Attributes of Tomorrow’s Leaders: Findings from Project 2025
This week, I am enjoying snowy Boston and the National Association of Independent Schools’ annual conference. On Friday, I will have a chance to present on the great work our faculty has engaged in this year as part of Project 2025.
In January, as the faculty synthesized over 200 “take-aways” from 34 different leaders in a diversity of professional fields, clear patterns emerged that helped us articulate the types of skills, experiences, and habits our students will need in order flourish in the year 2025.
This process took a few hours, but the conversation was invigorating. This wasn’t a discussion of someone else’s list of 21st-Century skills — we were examining our own research. I wanted to share our findings with you: five essential “Attributes of Tomorrow’s Leaders.”
Attributes of Tomorrow’s Leaders
- Effective communicators and collaborators
- Lifelong learners that are adept in a diversity of fields and skill-sets, including technology
- Flexible and adaptable problem solvers
- Risk takers and self-starters that grow from failure
- Innovators that possess interpersonal awareness, perseverance and passion
Let’s look at each of these in more detail
1. Effective communicators and collaborators
Nearly every interviewee emphasized the primacy of strong communication skills — including the ability to write clearly, speak effectively in public and private, and listen carefully to colleagues and clients. These three dimensions of communication support successful collaboration with individuals both inside and outside of one’s profession. Many interviewees spoke about the importance of building a diverse network and collaborating with individuals from a variety of cultural and professional backgrounds.
2. Lifelong learners that are adept in a diversity of fields and skill-sets, including technology
In this information age, knowing how to access and utilize the right information is a vital skill. While interviewees talked about the importance of subject-specific expertise, they also emphasized the advantage of cultivating an ever-expanding, diverse knowledge base — driven by curiosity and hands-on, “real world” experiences. Facility with technology is vital to each of these efforts.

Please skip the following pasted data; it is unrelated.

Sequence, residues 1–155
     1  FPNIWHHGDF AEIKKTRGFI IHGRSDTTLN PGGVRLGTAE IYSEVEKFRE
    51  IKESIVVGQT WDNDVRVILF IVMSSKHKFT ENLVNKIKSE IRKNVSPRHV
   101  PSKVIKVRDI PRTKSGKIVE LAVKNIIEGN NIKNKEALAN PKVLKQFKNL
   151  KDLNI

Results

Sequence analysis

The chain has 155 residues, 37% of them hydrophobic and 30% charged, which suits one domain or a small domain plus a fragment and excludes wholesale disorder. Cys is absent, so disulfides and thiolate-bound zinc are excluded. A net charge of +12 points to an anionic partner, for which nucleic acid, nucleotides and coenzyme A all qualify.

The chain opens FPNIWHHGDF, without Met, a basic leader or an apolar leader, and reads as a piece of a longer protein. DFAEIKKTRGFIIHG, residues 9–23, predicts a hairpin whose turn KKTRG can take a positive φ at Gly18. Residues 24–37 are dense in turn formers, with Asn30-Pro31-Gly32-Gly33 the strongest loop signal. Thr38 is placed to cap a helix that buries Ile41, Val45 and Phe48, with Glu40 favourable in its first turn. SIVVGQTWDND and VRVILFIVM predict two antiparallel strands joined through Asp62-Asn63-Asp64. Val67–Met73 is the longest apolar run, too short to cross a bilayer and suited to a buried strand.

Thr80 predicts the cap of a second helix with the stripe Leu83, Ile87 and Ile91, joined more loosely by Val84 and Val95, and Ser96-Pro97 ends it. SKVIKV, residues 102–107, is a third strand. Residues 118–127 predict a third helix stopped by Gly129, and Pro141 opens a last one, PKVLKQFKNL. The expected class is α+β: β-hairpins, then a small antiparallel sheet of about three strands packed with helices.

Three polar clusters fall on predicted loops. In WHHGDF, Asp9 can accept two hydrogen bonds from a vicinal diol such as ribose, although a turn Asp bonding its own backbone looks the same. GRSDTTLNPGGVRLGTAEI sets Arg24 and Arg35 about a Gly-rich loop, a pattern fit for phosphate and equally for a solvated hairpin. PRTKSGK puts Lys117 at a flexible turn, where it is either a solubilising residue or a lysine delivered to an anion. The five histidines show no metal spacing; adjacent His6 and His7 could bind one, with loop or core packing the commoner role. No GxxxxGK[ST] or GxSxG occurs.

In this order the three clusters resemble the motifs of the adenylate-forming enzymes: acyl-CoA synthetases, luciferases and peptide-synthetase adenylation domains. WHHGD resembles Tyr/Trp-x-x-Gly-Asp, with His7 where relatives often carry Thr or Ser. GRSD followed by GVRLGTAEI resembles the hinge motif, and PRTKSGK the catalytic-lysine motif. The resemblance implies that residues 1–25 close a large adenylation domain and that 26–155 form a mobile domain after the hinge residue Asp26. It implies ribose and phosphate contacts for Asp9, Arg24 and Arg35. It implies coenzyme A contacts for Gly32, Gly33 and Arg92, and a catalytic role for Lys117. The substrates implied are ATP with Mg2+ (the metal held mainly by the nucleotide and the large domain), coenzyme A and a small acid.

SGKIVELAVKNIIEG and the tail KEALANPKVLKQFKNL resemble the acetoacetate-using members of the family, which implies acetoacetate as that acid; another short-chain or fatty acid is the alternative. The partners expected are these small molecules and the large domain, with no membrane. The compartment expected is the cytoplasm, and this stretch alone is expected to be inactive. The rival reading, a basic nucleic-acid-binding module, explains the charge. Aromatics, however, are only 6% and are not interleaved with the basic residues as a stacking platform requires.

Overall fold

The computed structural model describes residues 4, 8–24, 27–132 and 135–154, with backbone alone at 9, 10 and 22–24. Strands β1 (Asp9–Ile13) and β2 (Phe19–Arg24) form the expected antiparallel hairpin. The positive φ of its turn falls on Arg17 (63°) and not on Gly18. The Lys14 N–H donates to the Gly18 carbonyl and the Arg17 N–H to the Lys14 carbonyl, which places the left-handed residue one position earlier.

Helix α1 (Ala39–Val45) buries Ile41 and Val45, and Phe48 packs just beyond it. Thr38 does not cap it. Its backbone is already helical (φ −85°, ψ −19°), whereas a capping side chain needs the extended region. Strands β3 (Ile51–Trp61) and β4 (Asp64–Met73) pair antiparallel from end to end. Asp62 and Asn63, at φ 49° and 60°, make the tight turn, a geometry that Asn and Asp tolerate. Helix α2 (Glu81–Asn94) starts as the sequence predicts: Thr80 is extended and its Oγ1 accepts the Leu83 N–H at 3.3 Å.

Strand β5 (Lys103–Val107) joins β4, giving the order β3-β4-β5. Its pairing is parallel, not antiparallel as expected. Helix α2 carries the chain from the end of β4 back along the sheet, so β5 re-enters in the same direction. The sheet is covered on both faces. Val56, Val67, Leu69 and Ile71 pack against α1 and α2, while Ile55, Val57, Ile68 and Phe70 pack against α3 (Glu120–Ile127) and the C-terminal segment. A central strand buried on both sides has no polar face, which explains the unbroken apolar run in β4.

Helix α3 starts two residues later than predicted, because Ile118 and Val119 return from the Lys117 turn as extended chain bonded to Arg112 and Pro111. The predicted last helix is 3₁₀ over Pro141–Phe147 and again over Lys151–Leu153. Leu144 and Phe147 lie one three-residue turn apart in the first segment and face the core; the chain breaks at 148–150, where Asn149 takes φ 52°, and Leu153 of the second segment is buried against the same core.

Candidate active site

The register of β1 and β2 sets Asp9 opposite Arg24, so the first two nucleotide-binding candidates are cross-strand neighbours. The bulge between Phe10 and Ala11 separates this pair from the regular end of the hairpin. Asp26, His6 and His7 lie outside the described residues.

3. Flexible and adaptable problem solvers
As our interviewees reflected on how their professions are changing, they made it clear that the ability to pivot in response to new information or technology is not just a nicety – it’s a necessity. Successful leaders adapt to changing conditions, explore problems from a variety of perspectives, manage “the unexpected” with grace, and integrate new understandings into existing systems.
4. Risk takers and self-starters that grow from failure
One idea that rose to the surface was failure’s relationship to success. Interviewees talked about success as a process – one that requires grit, internal motivation, a willingness to take risks, and the ability to self-assess and learn from setbacks and mistakes. Tomorrow’s leaders will be skilled at recognizing and seizing opportunities – including less-than-glamorous challenges that others pass up.
5. Innovators that possess interpersonal awareness, perseverance and passion
Finally, our research pointed to quiet traits of successful innovators: empathy for others, persistence to see a project through to fruition, and enthusiasm for the work. These attributes elevate the quality of our work or product because they lead us to pay attention to the little details that will affect the lives of our co-workers, clients, and end-users.